Historians date the beginning of the automobile era back to 1885, when a German mechanical engineer named Karl Benz began production of his Benz Patent Motorcar — but America soon started catching up after a couple of Massachusetts bicycle mechanics, Charles and J. Frank Duryea, designed their own car in 1893. (To help set the scene from those early days, here are 50 photos from American life in the 19th century.)
By the turn of the century, some 30 companies were making autos, and by 1910 there were almost 500 entries in the field. The earliest gasoline-powered vehicles were basically little more than wagons with engines in place of horses (see, for example, Henry Ford’s Quadricycle from 1896, below). By the 1920s and ‘30s, however, the roads were filling up with stylish sedans and sporty convertibles and aerodynamically styled racers were speeding around oval tracks. There were even electric cars, well over a century before the first Tesla rolled off the assembly line.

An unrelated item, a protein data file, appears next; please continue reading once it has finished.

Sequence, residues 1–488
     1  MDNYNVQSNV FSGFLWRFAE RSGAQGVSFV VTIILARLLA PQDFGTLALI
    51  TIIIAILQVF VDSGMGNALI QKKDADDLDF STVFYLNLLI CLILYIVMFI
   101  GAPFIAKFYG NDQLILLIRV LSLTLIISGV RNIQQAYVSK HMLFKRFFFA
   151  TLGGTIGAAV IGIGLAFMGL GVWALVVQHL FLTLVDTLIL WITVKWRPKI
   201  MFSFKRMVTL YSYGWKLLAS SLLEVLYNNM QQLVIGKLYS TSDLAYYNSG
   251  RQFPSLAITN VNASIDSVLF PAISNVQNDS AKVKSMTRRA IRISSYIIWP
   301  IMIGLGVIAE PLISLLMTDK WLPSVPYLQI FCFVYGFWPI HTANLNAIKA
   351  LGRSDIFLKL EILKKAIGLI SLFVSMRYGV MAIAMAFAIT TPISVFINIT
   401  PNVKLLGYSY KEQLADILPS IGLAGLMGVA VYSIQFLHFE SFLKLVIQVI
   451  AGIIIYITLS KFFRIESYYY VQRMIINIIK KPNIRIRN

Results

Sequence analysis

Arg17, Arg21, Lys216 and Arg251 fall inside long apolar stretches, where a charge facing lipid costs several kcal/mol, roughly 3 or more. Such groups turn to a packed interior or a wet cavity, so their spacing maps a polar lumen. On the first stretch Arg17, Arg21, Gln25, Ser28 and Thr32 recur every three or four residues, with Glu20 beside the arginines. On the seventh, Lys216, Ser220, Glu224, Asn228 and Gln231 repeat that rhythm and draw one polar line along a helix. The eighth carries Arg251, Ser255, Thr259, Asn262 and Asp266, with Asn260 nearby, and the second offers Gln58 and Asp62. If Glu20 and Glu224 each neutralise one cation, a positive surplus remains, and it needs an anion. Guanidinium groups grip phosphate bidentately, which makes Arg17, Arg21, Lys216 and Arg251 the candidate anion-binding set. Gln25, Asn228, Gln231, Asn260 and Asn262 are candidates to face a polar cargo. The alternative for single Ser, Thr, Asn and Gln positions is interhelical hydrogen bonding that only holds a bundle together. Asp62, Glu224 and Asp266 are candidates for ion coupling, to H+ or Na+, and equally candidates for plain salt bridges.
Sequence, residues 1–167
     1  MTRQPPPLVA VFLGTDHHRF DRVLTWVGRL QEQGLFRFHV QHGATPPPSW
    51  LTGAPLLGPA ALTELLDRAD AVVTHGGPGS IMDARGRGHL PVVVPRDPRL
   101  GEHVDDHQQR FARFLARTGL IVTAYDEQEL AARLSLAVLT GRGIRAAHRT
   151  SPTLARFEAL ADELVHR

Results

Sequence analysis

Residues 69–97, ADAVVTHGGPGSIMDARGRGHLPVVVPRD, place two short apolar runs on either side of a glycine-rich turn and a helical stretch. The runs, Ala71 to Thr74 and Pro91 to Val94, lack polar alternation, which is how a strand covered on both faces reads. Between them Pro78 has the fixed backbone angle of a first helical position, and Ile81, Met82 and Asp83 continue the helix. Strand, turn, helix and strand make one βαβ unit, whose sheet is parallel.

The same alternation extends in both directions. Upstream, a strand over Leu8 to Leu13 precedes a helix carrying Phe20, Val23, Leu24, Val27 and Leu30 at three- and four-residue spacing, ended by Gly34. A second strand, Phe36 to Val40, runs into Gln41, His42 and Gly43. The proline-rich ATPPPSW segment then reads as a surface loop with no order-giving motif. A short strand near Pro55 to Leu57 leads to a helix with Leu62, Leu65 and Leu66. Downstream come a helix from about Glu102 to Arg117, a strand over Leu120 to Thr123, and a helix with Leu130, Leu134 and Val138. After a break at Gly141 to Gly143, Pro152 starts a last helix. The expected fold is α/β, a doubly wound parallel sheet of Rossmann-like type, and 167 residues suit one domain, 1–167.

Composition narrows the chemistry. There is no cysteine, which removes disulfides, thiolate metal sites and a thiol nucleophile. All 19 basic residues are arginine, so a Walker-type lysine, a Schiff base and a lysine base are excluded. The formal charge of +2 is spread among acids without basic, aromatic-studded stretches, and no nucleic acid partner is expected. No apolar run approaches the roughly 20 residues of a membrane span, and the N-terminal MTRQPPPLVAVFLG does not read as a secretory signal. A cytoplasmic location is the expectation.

Click here to see 37 amazing-looking cars from bygone times.
There are plenty of beautiful examples being produced today, of course, in Asia and Europe as well as America, but the automobiles of the past have their own sense of style, and many of them deserve our admiration today.
With that in mind, 24/7 Tempo has collected 37 images of vintage cars of every kind. Some are everyday passenger vehicles; others are race cars or futuristic prototypes; some are pictured being serviced; some have met with fender-benders (or worse), but are still fun to see, even in their state of disrepair. (Accidents were common even when there weren’t very many cars on the road. Today, these are America’s worst cities to drive in.)
24/7 Tempo selected 37 images of vintage cars from the collections of the Library of Congress. In cases where information regarding make, model, or year of production was not supplied, that data was researched on several automotive sites, including Car Styling, Drive Tribe, and Unique Cars and Parts, as well as on dedicated sites for Mercedes-Benz, General Motors, and other companies.
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